Carter warned against forgetting the recent history of Afghanistan. Nations in Africa that are confronted with terrorist violence from Islamic extremists can learn much from American forces who have fought against similar adversaries.

Toward the end of the conversation, Carter told McMaster that he planned to use his time at Hoover to study the political dimensions of warfare. Recalling his experiences in commanding troops in southern Afghanistan, he said that the nature of the conflict there proved to be the reverse of the axiom coined by Prussian military theorist Carl von Clausewitz, that “war is the continuation of policy with other means.”

“What you are actually doing is armed politics. Ironically, in a way, politics is an extension of the war. What you have to do is understand how you can therefore use tools often short of kinetic in order to have the sort of conversation that would probably lead to stability,” he explained.

Finally, Carter reflected on how the United States and its partners should strengthen their global leadership and outcompete their authoritarian adversaries. He explained that a turning point in the early Cold War came in February 1946 when George Kennan, US chargé d’affaires in Moscow, delivered his “long telegram,” in which he told Secretary of State Dean Acheson that in the long term there could be peaceful coexistence with the Soviet Union.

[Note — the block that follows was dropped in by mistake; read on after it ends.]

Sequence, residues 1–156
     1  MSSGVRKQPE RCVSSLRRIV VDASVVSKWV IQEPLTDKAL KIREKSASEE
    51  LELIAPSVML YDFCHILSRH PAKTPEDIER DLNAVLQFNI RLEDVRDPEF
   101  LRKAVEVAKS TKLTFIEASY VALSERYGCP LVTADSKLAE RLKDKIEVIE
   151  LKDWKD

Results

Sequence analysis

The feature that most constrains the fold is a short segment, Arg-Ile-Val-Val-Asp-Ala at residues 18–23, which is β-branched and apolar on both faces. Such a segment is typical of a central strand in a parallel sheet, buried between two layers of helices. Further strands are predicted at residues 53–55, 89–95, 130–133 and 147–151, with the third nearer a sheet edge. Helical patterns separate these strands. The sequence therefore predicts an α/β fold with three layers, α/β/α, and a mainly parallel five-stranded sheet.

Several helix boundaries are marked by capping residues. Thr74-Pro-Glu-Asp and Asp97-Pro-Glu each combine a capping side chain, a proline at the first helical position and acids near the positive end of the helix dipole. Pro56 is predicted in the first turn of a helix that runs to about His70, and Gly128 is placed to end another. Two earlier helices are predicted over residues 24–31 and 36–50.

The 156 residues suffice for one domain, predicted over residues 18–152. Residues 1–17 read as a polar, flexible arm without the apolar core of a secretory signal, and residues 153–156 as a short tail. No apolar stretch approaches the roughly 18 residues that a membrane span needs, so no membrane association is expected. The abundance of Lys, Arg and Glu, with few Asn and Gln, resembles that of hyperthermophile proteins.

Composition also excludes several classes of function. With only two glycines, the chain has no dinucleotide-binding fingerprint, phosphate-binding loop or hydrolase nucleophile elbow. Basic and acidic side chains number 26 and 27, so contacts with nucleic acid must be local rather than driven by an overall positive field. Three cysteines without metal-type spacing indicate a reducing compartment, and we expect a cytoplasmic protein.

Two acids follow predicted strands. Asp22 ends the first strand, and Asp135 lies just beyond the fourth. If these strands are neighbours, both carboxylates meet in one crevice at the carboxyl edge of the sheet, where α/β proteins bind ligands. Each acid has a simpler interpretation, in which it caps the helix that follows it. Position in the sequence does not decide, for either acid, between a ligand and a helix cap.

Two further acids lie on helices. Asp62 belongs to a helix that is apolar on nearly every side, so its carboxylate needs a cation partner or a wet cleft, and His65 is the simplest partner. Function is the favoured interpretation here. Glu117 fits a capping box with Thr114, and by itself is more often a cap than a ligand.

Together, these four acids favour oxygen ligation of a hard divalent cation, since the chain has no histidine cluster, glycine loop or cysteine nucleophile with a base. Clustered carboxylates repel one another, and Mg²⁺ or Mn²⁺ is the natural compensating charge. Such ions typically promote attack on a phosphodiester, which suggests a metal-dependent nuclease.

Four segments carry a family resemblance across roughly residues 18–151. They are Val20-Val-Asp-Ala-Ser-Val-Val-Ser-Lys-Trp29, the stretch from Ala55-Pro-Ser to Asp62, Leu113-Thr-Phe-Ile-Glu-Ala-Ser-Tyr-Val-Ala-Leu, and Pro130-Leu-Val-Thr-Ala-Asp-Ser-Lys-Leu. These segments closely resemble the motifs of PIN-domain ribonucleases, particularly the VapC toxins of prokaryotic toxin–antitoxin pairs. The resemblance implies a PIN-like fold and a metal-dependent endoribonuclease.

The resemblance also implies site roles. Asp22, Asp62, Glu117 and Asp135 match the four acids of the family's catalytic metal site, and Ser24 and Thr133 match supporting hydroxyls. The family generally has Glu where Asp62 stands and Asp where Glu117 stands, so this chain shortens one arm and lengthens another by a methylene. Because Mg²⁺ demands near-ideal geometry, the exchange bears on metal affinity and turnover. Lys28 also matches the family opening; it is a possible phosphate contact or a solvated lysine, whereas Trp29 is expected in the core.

“That led to the Truman Doctrine, and the Truman Doctrine became the bipartisan doctrine, and of course all the NATO allies got behind it. History judged that it was very successful as the Cold War came to an end at the end of the 1980s,” Carter said. “I think in a way we almost need another moment where we recognize the nature of the problem and, as a collective group of like-minded nations, we work out what the strategy should be to deal with the problem.”

overlay image